USA and China have now been rivals for decades. But for the last couple of years, the situation has gotten a bit tense culminating into a trade war of sorts. The reason- a lot of the consumer electronics sold in the US come from China’s factories, despite the fact that the parent companies are mostly headquartered in the US.
This is one of the major reasons behind the termination of the partnership between US chip giant Intel and Chinese mobile chip maker Unisoc, a core subsidiary of state-linked Tsinghua Unigroup, according to reports from Nikkei Asian Review.
The ending of the partnership comes at a time when China aims for self-sufficiency in strategic technologies.
Intel has been concerned that the closer ties with the Chinese government-sponsored company could somehow upset US authorities given the current tensions between the two sides.
The tie-up was first announced at the 2018 Mobile World Congress, where Intel called it a “multiyear” venture. This venture would give Intel access to the massive China chip market where Intel is outpaced by Qualcomm and MediaTek. The two companies planned at that time to jointly deliver a 5G smartphone solution leveraging Intel’s modem expertise that would roll out to the market in 2019. Intel was supposed to share its latest XMM 8000 series of 5G commercial multi-mode modems with Unisoc.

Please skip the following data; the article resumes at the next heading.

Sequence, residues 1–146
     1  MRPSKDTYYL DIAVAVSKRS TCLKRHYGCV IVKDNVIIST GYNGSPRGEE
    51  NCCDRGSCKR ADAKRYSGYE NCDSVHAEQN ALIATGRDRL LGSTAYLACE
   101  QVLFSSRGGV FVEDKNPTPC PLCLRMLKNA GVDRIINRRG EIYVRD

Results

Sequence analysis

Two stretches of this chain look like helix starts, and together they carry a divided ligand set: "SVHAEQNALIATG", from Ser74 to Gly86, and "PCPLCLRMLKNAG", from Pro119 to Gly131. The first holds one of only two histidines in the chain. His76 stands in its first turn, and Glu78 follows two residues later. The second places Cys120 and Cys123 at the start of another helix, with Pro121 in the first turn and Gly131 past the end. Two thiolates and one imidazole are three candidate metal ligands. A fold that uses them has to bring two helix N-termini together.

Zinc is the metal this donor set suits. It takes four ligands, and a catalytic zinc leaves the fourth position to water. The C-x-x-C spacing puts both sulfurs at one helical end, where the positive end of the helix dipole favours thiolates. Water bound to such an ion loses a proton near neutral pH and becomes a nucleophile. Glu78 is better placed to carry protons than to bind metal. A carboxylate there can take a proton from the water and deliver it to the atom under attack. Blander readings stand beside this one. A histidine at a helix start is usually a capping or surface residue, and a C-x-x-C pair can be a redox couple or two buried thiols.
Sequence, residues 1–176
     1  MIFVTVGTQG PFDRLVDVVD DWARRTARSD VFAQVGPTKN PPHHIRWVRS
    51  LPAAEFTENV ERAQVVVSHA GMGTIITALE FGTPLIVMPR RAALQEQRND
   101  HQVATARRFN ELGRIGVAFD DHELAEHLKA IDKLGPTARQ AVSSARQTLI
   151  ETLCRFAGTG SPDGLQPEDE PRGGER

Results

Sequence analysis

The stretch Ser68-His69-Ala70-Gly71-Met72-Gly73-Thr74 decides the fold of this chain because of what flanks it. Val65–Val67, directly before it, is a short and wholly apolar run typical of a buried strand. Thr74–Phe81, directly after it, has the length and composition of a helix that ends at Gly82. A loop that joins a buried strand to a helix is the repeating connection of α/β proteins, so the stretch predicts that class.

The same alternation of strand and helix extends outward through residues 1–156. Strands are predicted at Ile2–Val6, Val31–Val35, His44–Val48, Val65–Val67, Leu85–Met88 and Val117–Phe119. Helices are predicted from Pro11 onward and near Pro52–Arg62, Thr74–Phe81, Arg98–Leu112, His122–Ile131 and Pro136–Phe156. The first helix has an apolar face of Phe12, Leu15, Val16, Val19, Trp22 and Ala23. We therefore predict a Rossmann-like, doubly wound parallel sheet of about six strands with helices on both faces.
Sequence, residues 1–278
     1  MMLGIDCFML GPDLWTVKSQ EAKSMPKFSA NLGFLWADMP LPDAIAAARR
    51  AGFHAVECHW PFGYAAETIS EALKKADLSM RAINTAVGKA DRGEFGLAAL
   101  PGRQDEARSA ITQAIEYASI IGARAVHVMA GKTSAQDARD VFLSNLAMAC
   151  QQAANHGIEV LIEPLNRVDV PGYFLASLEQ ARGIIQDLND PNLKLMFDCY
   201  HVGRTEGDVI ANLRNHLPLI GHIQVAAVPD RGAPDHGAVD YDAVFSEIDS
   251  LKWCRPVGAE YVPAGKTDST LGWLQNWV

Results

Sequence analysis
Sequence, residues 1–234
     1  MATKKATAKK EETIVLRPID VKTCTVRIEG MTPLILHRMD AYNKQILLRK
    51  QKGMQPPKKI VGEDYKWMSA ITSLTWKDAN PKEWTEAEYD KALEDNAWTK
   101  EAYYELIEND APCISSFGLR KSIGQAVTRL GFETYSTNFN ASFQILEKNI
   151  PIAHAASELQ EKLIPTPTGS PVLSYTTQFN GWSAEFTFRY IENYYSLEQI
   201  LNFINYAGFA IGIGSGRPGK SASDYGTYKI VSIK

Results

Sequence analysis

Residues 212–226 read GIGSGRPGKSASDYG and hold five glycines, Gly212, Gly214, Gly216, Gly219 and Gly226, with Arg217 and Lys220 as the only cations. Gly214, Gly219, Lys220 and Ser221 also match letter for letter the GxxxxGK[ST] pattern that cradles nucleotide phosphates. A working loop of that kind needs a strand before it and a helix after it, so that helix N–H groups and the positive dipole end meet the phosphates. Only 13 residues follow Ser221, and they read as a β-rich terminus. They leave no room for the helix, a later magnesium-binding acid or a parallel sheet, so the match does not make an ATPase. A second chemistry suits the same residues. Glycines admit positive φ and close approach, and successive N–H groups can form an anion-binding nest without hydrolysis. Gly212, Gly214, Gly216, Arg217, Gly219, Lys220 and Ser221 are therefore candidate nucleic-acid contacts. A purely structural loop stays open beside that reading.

The split comes as China-US tensions shift from trade imbalances to technology-related security risks. The most prominent example being the U.S. cracking down on Chinese tech companies(like Huawei and Fujian Jinhua) with allegations of IP theft and economic espionage charges. Other example being the spat between Qualcomm and Apple.
According to trade analysts, this split is not going to harm Intel as it has enough options to enter China’s market, but it will be a huge loss for